High School Football

Mathis, Scott's Branch run over Whale Branch in first round

Running back has 320 yards and 6 TDs

jjarrett@islandpacket.comNovember 5, 2011 

As he was about to board a boisterous Scott's Branch bus for the ride back to Summerton, Leon Mathis hardly looked as if he had broken a sweat. And he sure wasn't short of breath.

"I could go another quarter," Mathis said.

He would've had a tough time getting Whale Branch High School to take him up on the offer.

Mathis gashed the Warriors for 320 rushing yards and six touchdowns, as No. 6 seed Scott's Branch rallied from a first-half deficit for its third consecutive win, spoiling the Warriors' first home playoff game with a 60-40 victory Friday night.

Despite two first-half touchdowns from Mathis, the Warriors (7-4) took a 22-14 lead into halftime, taking the lead on Trey Nelson's 3-yard run with 1:36 left in the half after a draw play to Josh Fields converted a fourth-and-14.

But the Eagles' relentless ground game found room to run in the second half. Mathis did most of the work, carrying 46 times and adding three two-point conversion runs to go with his six touchdowns.

"They believe in what they do, and when it's clicking, they just pour it on harder and harder," Warriors coach Rob D'Amato said. "It's unorthodox, and it's hard to sell that kind of offense to kids these days, but Scott's Branch does it right, and they're a good football team."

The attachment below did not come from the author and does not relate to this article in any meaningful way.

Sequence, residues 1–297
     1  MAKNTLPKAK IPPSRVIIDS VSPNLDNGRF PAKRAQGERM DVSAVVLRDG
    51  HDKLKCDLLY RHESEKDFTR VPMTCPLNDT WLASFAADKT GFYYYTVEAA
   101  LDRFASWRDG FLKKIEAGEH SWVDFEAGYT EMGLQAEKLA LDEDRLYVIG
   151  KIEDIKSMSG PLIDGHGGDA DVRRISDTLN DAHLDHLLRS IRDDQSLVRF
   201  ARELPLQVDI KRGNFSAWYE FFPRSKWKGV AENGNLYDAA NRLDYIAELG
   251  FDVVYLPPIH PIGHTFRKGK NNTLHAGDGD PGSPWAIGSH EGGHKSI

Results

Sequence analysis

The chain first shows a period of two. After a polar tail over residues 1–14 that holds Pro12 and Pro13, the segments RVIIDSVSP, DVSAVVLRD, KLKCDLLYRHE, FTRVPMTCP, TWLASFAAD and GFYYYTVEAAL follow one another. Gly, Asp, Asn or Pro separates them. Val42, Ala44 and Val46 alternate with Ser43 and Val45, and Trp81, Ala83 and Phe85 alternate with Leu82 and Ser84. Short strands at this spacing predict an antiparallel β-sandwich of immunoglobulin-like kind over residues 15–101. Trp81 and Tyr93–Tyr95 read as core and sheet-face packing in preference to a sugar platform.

For all that Mathis and the offense did to put the Eagles (4-7) over the top, it was a defensive play that turned the momentum. After Stedmon James hit Andre Watson for a 72-yard scoring strike to tie it at 28, the Warriors had the ball back with a chance to regain the lead.

But Robert Felder picked off a James pass at the Eagles' 45 and did a tightrope act along the sideline before breaking several tackles on his way the end zone, and giving Scott's Branch a 34-28 lead it didn't give up.

The Warriors fumbled the ensuing kickoff, and Mathis broke a 24-yard touchdown run, then added a 53-yard scoring run on the next possession.

"Once we got down, we hung our heads and we stopped trusting what we were supposed to do out there," D'Amato said.

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